“The reform comes at a critical moment… Twitter has been sharply criticised for allowing abuse and hate speech to flourish on its platform. And along with other social networks, Twitter was a critical tool for Russian influence during the 2016 election, when tens of thousands of accounts were used to spread propaganda and disinformation. Those troubles dampened Twitter’s prospects for acquisition by a bigger firm, and the company, which went public in 2013, did not turn a profit until the final quarter of last year.”
In other words, if Twitter wants to remain in business, it will have to curb this abuse.
As I considered these factors, I asked myself: Could the Twitter clean-out have been responsible for the dramatic reduction of abuse on my own timeline?
Sure enough, when I checked my profile, it turned out I had lost almost 25,000 followers overnight. According to news reports, this was one of the largest drops on any South African account – roughly the same as Julius Malema’s, whose timeline had been populated by a similar number of sockpuppets and bots as mine.
The number of followers we each lost represents only a small percentage of the total. But, speaking for myself, it must have constituted a significant proportion of those responsible for the toxicity on my timeline. The drop of 25,000 followers had an enormously positive impact on the tone and quality of the interactions.
(Interestingly, by Sunday morning, my follower count had risen again by about 600 and the venom was beginning to return. It is a trend I will be monitoring closely.)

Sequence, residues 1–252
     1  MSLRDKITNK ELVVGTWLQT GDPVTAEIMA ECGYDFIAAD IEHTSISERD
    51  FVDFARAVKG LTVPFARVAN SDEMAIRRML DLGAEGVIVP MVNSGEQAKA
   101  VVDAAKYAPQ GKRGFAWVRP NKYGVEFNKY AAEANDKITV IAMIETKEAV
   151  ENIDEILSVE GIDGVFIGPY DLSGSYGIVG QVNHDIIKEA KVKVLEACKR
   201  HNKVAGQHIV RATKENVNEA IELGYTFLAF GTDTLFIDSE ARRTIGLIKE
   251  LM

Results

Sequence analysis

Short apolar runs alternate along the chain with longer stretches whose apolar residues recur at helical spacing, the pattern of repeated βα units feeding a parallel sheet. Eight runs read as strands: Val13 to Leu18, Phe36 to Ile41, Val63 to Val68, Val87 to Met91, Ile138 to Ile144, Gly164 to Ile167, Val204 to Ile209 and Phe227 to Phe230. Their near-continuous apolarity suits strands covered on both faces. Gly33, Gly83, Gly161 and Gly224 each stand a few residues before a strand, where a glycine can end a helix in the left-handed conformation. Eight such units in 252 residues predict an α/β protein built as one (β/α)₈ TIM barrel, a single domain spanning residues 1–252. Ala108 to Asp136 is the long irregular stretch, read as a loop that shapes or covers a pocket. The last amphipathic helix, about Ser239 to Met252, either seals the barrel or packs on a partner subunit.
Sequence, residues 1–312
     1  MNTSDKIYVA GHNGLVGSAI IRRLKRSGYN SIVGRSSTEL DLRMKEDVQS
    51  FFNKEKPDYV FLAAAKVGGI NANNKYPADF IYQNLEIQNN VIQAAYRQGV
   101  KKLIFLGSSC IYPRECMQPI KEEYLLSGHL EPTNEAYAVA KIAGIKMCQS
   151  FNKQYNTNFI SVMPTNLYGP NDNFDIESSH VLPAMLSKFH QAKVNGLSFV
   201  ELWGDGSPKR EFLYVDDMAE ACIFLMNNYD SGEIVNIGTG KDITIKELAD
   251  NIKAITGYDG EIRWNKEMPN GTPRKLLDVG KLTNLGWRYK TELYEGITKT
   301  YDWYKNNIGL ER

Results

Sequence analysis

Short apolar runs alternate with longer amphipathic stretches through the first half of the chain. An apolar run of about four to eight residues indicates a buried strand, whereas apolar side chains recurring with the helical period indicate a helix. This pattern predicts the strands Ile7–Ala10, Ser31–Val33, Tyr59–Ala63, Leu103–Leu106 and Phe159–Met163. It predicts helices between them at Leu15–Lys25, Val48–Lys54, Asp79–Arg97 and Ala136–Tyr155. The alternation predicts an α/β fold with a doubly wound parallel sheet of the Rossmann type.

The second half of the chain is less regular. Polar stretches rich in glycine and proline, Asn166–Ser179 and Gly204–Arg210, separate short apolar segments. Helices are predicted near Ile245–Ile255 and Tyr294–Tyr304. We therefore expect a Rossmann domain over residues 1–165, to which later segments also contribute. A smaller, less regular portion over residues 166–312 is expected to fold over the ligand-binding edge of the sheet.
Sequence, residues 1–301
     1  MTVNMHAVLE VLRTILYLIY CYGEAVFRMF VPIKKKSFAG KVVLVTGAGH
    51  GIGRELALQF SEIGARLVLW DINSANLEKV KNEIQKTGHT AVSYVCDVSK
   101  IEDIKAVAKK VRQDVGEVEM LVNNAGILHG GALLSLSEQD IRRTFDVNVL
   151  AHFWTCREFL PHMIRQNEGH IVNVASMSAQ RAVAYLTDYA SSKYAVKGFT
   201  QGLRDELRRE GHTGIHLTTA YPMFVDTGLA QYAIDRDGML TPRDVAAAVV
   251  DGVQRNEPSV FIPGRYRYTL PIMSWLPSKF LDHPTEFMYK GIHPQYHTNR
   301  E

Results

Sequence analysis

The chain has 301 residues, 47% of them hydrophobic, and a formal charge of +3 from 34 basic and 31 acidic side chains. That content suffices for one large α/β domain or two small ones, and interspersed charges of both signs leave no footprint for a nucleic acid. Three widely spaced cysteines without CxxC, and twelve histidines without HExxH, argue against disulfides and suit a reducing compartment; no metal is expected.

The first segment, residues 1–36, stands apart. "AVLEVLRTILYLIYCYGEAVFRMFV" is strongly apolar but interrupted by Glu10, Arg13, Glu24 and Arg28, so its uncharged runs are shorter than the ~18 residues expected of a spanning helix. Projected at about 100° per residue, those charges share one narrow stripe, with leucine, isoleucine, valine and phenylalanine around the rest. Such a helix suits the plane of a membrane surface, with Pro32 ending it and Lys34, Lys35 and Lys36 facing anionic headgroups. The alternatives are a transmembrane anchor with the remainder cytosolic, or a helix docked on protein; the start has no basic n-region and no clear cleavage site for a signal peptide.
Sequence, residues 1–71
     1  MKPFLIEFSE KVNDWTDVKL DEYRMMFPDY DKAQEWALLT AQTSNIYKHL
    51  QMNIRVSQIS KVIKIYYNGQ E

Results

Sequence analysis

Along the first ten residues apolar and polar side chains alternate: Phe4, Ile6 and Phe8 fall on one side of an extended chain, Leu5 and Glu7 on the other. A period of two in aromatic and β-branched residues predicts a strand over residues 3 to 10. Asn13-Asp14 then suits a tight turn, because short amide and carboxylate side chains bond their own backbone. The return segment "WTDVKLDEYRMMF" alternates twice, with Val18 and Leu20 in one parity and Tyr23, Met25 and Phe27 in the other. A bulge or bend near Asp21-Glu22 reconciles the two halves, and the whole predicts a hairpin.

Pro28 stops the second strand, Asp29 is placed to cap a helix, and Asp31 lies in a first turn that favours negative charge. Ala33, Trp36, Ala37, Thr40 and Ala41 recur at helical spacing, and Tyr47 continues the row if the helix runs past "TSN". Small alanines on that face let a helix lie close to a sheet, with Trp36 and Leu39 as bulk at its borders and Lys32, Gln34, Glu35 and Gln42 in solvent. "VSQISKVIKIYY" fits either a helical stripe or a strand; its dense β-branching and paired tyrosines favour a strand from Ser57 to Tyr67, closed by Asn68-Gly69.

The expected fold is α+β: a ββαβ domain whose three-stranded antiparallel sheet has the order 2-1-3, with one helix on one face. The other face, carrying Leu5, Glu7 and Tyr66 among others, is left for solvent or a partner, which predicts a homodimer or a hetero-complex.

But the implications of this issue extend far beyond the personal.
It is in every South African’s interest to demand more information from Twitter. What are the “handles” (names) of the deleted fake accounts which infected South African timelines? Who launched them? From which geographic locations and when? Answers to these questions will bring us closer to answering the crucial question: Why?
Some people may have “bought” fictitious followers to fake the extent of their reach, but that is a side issue. In most cases, fake followers are unwelcome intruders on anyone’s timeline. They find their own way there, for another reason.
For a while now, I have been working on a hypothesis, which was strengthened this week by a serendipitous meeting with two international experts.
The two researchers, from a reputable international foundation, have spent their professional lives studying the methods used by Russia to influence international developments. The two men are well acquainted with the information emerging from the Mueller indictments and have now turned their interest to South Africa, partly because of the close ties that developed over the past five years between Vladimir Putin and Jacob Zuma.
Both Putin and Zuma have a lot in common, and according to all accounts, established an instant rapport at their first meeting, shortly after Zuma was elected president for his first term (Putin for his third).
Soon after their initial meeting, their interactions jumped the tracks of “official channels” and Zuma paid several personal visits to Putin, free of the constraints of state protocol.
They understood each other. Both men had reached the pinnacle of power after spending most of their professional lives as high-ranking intelligence officers.
Putin graduated from the KGB to head the Russian Federal Security Service. Zuma directed the ANC’s intelligence operation during its years of exile. Both mastered the art of patronage to reward the loyalists who kept them in power; both developed close links with criminal syndicates to enrich themselves and their network. Bratva (the Russian word for Mafia) even rhymes with Gupta! The criminal networks in both countries sought to capture the state through exercising undue influence over their political patrons.